Thanks to Mike for this sample, which is a Houde purchase, where a bing sells for $35. The web-site describes this as a "gift" tea, produced by the Changtai Tea Factory in 2004 "to prepare the upgrading to Changtai Tea Manufacturing Group in 2005" - the meaning of which can be read in several different ways.
The Houde description quotes the neifei as indicating that it is a blend of old-plantation, big-leaf Yiwu with maocha from other areas.
Caledonian Springs @ 100C in 12cl young shengpu pot; ~5-6g leaf; 1 rinse
Attractively chunky leaves, in an apparently two-headed mixture of dark leaves and green leaves - perhaps evidence of the blend to which the neifei refers. Delicious pine-wood, mushroom-like scents that are very nearly, but not quite, fishy.
It's good to be home, seated on my little red cushion, behind the tea-tray, watching the tree-tops blowing in the distance. The colour of the blue sky, the green bushes, and the pink flowers visible from the window look almost unreal in their vividness, compared to the dust-and-stone of Baroque Turin.
3s, 5s, 9s, 12s, 20s, 60s, 45s:
A good orange-yellow colour, which is pretty and clean, gives an immediately positive first impression. The first sips from the first infusion are very good: rich, bass flavours are almost salty, making my mouth salivate. The travelling time to the throat is long, and the progression of gentle fern-like scents in the wenxiangbei are similarly unhurried.
This appears to be a tea to drink slowly; it would be a mistake to overlap the mouthfuls, or to not give the wenxiangbei at least 30s of attention.
The flavours are rich: fern and pine, so very plant-like. The stimulation of the salt-sensitive taste-buds is an interesting sensation, which I have previously described in other teas as "food-like".
These initial infusions appeal to my personal tastes.
Later infusions lose complexity, and the fern-and-salt interest fades into a different set of flavours: the simple tastes of dried fruits (apricot, mango) that remind me of the 2002 CNNP sample, kindly sent out by MarshalN last month.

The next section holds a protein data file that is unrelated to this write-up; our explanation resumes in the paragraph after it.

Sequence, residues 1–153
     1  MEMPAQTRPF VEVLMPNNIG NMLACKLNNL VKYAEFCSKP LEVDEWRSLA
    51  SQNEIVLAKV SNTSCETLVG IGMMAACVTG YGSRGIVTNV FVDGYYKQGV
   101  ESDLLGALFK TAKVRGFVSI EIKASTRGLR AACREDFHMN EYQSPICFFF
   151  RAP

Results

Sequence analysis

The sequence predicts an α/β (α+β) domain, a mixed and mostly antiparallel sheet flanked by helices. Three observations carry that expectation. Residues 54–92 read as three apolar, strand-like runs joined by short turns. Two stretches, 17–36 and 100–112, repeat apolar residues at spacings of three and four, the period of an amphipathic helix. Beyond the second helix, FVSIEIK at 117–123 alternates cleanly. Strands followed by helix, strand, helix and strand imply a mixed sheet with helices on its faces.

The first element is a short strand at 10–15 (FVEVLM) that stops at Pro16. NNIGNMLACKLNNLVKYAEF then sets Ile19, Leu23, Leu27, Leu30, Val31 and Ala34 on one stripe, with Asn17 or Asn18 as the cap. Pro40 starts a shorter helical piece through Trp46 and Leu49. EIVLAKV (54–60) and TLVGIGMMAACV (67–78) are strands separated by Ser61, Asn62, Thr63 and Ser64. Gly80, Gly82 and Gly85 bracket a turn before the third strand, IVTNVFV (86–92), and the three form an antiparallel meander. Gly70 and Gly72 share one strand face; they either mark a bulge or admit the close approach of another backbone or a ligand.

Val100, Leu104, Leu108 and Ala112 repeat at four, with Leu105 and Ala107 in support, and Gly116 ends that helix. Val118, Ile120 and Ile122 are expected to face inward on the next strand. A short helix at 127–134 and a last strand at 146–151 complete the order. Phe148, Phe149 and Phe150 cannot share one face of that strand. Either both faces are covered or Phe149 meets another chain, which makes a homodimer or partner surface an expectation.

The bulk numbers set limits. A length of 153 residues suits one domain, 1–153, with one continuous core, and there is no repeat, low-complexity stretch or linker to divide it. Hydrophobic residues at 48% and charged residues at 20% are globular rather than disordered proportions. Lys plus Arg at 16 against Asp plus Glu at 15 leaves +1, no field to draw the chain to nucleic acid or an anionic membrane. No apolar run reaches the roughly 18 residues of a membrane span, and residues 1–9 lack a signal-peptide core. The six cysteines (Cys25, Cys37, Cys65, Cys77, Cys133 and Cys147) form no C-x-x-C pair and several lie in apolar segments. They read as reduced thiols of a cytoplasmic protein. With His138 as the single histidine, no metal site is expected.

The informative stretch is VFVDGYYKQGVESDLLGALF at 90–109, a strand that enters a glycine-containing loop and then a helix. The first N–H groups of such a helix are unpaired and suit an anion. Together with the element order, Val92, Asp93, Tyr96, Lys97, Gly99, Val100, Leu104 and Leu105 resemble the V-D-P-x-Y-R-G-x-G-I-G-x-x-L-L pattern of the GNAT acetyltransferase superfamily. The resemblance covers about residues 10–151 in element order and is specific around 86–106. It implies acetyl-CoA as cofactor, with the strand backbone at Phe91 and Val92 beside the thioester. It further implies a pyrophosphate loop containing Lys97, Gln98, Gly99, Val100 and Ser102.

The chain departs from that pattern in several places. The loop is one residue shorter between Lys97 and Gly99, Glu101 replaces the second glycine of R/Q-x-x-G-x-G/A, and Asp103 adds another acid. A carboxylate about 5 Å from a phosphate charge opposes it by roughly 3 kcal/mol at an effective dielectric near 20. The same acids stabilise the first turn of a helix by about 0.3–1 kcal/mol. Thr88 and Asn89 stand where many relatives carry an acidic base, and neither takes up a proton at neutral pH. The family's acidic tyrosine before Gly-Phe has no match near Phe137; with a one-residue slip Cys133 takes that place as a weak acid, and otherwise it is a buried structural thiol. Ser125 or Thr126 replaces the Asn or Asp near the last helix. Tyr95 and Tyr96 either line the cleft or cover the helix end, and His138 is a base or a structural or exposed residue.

Throughout the tea from beginning to end is a potent ku, which is really only evident at the back of the throat - a good place for it - where it provokes a mouthwatering huigan after the long progression to the throat is completed. Again, don't rush this tea.
All is revealed. There are three major components to this tea [pictured].
Some leaves, as noted from the dry sample, are hard and black. I suspect these give the low fern-and-salt interest that I experienced in the first infusions. The toughness of the leaves means that their contribution would not last too many infusions, and the bass, low range of flavours could easily be ascribed to these dark specimens.
Some leaves are green and strong. The continuous ku is probably derived from these youthful examples.
Some leaves are more tippy, and show the considerable redness of oxidation. Just like the 2002 CNNP [revised notes to follow], these give the tea that latter shallow fruitiness. Houde describes later infusions as "floral", and I suspect we're describing the same phenomenon.
Lovely to begin, becoming merely pleasant later on. The presence of the red-oxidation is cause for concern with its long-term storage prospects. Houde notes that "the flavour should improve after 3-5 years of storage", but the presence of the under-processed (kill-green stage) leaves causes me to respectfully disagree.
The opening infusions were very enjoyable, and I was nearly sold on this tea straight out. It is fortunate that I kept on to the latter infusions, which has caused me to revise my opinion, for which I cannot recommend buying this tea for the long-term.